Perform the following steps on target1

  1. Mounting the file system
    Mount the file system in which the data directory will be created, refer to Step 1 in Creating file system resources.
  1. Creating a data directory
    Create a PostgreSQL data directory on the shared disk.
[target1]# mkdir -p /mnt/fs/pgsql/data
[target1]# chown -R postgres:postgres /mnt/fs/pgsql

Change the following path described in the /usr/lib/systemd/system/postgresql.service file to the data directory on the shared disk.

Environment=PGDATA=/mnt/fs/pgsql/data

  1. Database initialization
    Execute the following command to initialize the database.
    The database is created under the data directory.
[target1]# postgresql-setup initdb
  1. Starting the PostgreSQL service
    Execute the following command to start the PostgreSQL service.
[target1]# systemctl start postgresql.service
  1. Creating a resource
    Execute the following command:
[target1]# lkcli resource create pgsql --tag pgsql-tag --datadir /mnt/fs/pgsql/data --port 5432 --socket /tmp/.s.PGSQL.5432 --dbuser postgres --logfile /tmp/pgsql-5432.lk.log

Resource Settings

Item Input Value
--tag Tag name
--datadir Absolute path of the directory that contains the PostgreSQL database data
--port Port number used by PostgreSQL
--socket Path of the socket used by PostgreSQL
--dbuser PostgreSQL database administrator user name
--logfile Absolute path to the pg_ctl log file used to start and stop PostgreSQL
  1. Extending the resource
    Execute the following command:
[target1]# lkcli resource extend pgsql --tag pgsql-tag --dest target2

Resource Settings

Item Input Value
--tag Tag name of the created resource
--dest Backup node name
  1. Checking the resource
    After creating and extending the resource, run the following command.
    The resource information is displayed.
[target1]# lkcli status -q
LOCAL    TAG            ID                                   STATE     PRIO  PRIMARY
target1  pgsql-tag      target1.pgsql-5432                   ISP          1  target1
target1   /mnt/fs       /mnt/fs                              ISP          1  target1
target1    device17885  36000c292eb0c693b2efb44ed56556636-1  ISP          1  target1
target1     disk17816   36000c292eb0c693b2efb44ed56556636    ISP          1  target1

When a PostgreSQL resource is created, a file system resource is automatically created as shown above.

Creating a DataKeeper Resource

This section describes how to create a DataKeeper resource. DataKeeper resources provide the ability to build highly available clusters without the use of shared storage.

System Configuration

The environment created in this guide has the following two-node configuration. Create a mirror on your new file system and protect it with LifeKeeper.

Make sure that your configuration satisfies the following DataKeeper requirements.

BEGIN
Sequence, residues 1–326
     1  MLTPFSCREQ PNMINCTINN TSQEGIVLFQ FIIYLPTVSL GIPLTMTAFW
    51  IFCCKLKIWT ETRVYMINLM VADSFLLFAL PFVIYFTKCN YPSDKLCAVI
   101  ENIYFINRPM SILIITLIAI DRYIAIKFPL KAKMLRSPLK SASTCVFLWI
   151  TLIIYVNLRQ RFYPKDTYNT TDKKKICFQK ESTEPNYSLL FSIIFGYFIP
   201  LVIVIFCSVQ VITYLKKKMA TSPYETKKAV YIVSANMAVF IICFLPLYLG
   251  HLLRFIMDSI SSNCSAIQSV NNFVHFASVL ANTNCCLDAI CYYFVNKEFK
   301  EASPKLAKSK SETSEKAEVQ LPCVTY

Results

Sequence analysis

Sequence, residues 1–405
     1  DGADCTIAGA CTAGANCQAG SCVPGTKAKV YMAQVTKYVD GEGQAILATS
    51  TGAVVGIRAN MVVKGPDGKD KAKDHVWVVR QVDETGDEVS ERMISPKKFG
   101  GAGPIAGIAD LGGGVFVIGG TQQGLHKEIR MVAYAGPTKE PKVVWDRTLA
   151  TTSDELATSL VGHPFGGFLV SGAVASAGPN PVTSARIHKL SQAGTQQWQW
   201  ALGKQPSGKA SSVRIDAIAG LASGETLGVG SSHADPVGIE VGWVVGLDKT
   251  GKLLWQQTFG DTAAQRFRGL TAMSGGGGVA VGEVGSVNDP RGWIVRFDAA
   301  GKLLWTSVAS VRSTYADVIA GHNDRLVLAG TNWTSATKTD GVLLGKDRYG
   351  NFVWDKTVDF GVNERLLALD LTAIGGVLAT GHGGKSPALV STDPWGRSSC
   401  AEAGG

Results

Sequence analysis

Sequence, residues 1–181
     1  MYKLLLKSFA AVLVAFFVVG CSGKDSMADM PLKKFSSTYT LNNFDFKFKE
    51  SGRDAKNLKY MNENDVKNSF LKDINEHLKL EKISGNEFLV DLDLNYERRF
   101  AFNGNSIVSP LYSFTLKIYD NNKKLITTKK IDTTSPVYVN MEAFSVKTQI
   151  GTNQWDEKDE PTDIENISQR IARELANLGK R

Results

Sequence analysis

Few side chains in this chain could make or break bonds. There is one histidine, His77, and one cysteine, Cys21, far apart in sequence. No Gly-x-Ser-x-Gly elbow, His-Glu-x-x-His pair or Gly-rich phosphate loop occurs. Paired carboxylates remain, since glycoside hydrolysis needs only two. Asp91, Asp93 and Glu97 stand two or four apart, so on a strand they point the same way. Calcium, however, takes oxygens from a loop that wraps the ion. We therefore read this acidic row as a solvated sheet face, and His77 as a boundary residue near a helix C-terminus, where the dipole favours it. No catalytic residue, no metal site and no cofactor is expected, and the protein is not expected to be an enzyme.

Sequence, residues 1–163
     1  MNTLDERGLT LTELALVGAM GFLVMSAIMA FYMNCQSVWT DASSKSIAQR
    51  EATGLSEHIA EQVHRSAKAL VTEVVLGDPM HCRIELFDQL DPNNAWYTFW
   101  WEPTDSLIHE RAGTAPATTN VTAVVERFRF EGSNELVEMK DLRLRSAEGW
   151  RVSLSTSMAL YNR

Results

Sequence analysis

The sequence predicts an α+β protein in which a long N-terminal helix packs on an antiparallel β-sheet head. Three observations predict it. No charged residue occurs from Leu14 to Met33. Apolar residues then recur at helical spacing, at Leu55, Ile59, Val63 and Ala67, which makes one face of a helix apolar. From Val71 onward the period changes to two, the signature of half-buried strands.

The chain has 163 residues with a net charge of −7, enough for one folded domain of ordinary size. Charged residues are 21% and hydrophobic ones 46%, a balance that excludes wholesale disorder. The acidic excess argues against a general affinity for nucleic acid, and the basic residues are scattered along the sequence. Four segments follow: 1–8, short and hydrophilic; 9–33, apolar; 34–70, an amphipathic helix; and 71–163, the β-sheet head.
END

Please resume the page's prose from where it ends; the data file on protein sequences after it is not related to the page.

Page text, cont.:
Hardware and Software Requirements

Perform the following steps on “target1” and “target2”

  1. Checking the device
# parted /dev/sdb print
Model: VMware Virtual disk (scsi)
Disk /dev/sdb: 1074MB
Sector size (logical/physical): 512B/512B
Partition Table: gpt
Disk Flags:
 
Number  Start  End  Size  File system  Name  Flags
  1. Creating a partition
    Create a partition in /dev/sdb of the device.
# parted -s /dev/sdb mklabel gpt
# parted /dev/sdb mkpart primary 0% 100%
# parted /dev/sdb print
Model: VMware Virtual disk (scsi)
Disk /dev/sdb: 1074MB
Sector size (logical/physical): 512B/512B
Partition Table: gpt
Disk Flags:
 
Number  Start   End     Size    File system  Name     Flags
 1      1049kB  1073MB  1072MB  ext4         primary

Perform the following steps on the “target1”

  1. Creating a resource
    Execute the following command:
[target1]# lkcli resource create dk --tag dk-tag --mode synchronous --hierarchy new --device /dev/sdb1 --fstype xfs --mount_point /mnt/dk --fstag fs-tag

Resource settings

Item Input Value
--tag DataKeeper resource tag name
--mode Replication type
--hierarchy Type of data replication to create
--device Source disk or partition
--fstype File system type
--mount_point Mount point
--fstag File system resource tag name
  1. Extending a DataKeeper resource
    Execute the following command:
[target1]# lkcli resource extend dk --tag dk-tag --dest target2 --mode synchronous --laddr 10.1.6.88 --raddr 10.1.6.89

Resource settings

Item Input Value
--tag Tag name of the created DataKeeper resource
--dest The hostname of the target server where the resource hierarchy is extended
--mode Replication type
--laddr IP address on the local machine to be set for the communication path
--raddr IP address on the remote machine to be set for the communication path
  1. Extending a file system resource
    Execute the following command:
[target1]# lkcli resource extend fs --tag fs-tag --dest target2

Resource settings

Item Input Value
--tag Tag name of the created file system resource
--dest The hostname of the target server where the resource hierarchy is extended
  1. Checking the resource
    After creating and expanding the resource, run the following command.
    The resource information is returned.
[target1]# lkcli status -q
 
LOCAL   TAG           ID                                   STATE     PRIO  PRIMARY
target1 fs-tag        /mnt/dk                              ISP          1  target1
target1  dk-tag       36000c292eb0c693b2efb44ed56556636-1  ISP          1  target1

A DataKeeper resource is automatically created with the file system resource dependent on the upper level as shown above.

  1. Check the mirroring
    Once the DataKeeper resource has been created, a full resync will be performed.
    When the status is Fully Operational, the full resync is completed.
[target1]# lkcli mirror status --tag dk-tag

Resource settings

Item Input Value
--tag Tag name of the created DataKeeper resource

Export/Import a DataKeeper Resource

Refer to Replicate the Existing Cluster Settings to replicate the DataKeeper resource and the file system resource. Execute import with the file system unmounted on each node.